On the island of Andøya you can wander along some of Norway’s most beautiful beaches and look out over the still waters of
the ocean with the midnight sun as your sole companion. This is a trip that is designed for enjoyment. The road itself follows
a broad shelf of cultivated land where people have put down roots between the wide ocean and the jagged peaks. If you’re lucky
you might see seals, whales and eagles from your car window. In the late summer you can try tasting wonderful cloudberries
on the moorland that stretches towards the mountains, or earlier in the summer you can visit the bird cliff on the island
of Bleiksøya. The Gulf Stream makes for a hospitable climate and turns the ocean into an abundant source of food for a rich
variety of bird and animal life. Here you can also discover some little-known highlights such as the tiny fishing village
of Bleik. Between Nordmæla and Nøss you will find the rock formation Bukkekjerka, where nature itself has contrived to build
a natural altar and pulpit. Andøya also provides a fine stretch of road for cyclists and if you want to view the island from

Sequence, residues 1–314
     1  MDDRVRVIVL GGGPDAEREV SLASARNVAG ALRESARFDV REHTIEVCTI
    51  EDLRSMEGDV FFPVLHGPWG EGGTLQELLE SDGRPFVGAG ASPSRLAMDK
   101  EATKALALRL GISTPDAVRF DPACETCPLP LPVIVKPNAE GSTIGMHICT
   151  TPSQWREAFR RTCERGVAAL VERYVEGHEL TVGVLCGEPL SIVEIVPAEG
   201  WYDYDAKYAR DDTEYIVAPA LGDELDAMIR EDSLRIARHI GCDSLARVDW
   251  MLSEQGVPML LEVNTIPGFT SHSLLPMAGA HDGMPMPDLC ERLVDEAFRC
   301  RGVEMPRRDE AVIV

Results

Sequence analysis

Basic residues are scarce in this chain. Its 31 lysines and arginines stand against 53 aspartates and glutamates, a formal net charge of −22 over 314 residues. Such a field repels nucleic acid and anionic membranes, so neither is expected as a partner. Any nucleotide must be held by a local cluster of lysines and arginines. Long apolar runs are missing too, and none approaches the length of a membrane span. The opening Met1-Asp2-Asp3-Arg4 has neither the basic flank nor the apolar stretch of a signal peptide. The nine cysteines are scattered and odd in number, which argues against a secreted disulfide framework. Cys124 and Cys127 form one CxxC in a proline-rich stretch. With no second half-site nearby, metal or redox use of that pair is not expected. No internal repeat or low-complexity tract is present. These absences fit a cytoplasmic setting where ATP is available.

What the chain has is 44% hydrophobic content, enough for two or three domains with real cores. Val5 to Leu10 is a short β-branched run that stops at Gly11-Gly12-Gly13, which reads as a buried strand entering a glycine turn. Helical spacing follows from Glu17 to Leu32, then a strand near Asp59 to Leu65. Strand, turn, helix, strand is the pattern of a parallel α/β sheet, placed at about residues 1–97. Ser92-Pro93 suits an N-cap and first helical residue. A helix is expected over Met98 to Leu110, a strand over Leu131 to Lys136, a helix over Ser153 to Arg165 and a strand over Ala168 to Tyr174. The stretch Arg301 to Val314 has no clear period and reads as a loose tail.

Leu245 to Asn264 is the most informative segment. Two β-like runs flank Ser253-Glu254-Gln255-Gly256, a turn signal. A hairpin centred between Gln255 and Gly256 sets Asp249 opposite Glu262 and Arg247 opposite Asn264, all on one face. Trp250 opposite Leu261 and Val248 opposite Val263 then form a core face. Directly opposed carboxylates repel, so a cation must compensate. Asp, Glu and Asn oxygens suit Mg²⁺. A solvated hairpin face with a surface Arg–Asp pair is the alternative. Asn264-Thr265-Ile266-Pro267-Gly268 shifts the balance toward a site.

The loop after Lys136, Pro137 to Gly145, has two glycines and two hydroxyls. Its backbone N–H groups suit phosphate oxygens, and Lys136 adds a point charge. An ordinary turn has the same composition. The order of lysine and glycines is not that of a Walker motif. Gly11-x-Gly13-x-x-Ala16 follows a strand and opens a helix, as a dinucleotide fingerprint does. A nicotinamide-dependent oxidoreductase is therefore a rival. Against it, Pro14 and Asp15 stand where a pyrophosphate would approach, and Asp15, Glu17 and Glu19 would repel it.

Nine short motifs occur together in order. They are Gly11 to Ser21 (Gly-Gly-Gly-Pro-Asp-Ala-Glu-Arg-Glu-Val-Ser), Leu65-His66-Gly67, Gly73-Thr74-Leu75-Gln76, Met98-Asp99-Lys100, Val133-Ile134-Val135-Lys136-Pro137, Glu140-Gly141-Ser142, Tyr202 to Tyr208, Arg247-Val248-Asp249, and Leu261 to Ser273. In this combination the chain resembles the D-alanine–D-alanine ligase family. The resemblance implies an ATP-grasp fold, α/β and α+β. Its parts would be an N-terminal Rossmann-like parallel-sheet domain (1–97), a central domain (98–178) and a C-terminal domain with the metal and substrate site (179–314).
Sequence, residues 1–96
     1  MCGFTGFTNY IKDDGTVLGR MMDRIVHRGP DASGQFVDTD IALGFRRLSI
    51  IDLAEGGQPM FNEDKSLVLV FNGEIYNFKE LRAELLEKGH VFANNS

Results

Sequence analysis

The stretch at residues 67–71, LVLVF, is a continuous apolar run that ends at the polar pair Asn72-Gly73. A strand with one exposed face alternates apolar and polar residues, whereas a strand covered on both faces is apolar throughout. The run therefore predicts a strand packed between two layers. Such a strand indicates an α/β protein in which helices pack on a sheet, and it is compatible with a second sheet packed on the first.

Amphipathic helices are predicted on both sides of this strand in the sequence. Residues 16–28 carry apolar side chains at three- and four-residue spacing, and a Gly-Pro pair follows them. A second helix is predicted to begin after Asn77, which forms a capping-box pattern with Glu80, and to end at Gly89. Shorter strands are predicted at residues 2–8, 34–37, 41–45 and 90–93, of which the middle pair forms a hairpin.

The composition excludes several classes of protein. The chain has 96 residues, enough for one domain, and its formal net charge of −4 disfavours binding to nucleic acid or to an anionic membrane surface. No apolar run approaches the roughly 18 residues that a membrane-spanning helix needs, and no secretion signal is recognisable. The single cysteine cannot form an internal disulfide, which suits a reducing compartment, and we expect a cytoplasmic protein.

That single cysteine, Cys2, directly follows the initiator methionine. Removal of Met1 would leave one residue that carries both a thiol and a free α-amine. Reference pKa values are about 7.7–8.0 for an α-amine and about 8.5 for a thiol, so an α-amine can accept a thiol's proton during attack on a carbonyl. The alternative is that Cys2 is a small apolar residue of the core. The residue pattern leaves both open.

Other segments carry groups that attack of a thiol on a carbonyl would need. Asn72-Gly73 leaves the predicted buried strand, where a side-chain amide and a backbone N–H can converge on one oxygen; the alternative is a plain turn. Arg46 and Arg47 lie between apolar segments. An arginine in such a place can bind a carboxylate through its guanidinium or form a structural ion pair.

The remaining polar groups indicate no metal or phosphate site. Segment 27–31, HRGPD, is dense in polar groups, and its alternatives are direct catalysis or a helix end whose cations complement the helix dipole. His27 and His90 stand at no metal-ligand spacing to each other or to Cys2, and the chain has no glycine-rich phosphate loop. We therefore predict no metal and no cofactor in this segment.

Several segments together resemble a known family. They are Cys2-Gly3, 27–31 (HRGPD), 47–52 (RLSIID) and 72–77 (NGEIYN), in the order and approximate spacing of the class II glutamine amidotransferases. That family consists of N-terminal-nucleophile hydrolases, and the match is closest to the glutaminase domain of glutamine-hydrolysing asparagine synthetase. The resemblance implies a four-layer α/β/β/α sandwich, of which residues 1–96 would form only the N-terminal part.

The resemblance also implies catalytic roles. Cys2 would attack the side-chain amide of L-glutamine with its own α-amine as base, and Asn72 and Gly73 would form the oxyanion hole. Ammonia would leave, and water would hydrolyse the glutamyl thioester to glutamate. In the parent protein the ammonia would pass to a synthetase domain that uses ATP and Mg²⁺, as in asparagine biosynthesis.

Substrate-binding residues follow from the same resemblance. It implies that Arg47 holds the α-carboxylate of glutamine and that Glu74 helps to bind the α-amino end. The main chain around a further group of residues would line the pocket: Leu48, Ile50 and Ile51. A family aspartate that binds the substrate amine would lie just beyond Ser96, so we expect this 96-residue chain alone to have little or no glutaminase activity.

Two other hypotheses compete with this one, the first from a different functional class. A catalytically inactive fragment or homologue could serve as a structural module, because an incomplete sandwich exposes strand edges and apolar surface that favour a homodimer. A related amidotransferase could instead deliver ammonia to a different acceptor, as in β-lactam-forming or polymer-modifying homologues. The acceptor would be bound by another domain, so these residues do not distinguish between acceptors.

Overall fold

the sea, there are lots of opportunities for kayaking.
Fishing and fish processing have been Andøya’s main industries but the climate has also favoured agriculture. The armed forces
have played an important role in the community, and the air-base was built with NATO funds. Andenes lighthouse has been a
landmark since 1859.
Spaceship Aurora is a completely new attraction for the public at the Andøya Space Center enabling you to learn more about
outer space and the northern lights. Maybe not everyone thinks of Norway as a space nation but since the launching of its
first research rocket in 1962, Andøya has been at the centre of an exciting part of our space travel history. For those who
prefer dry land, picking cloudberries or bird watching are good alternatives. If you prefer the sea, we recommend deep-sea
fishing or a whale safari – both great alternatives.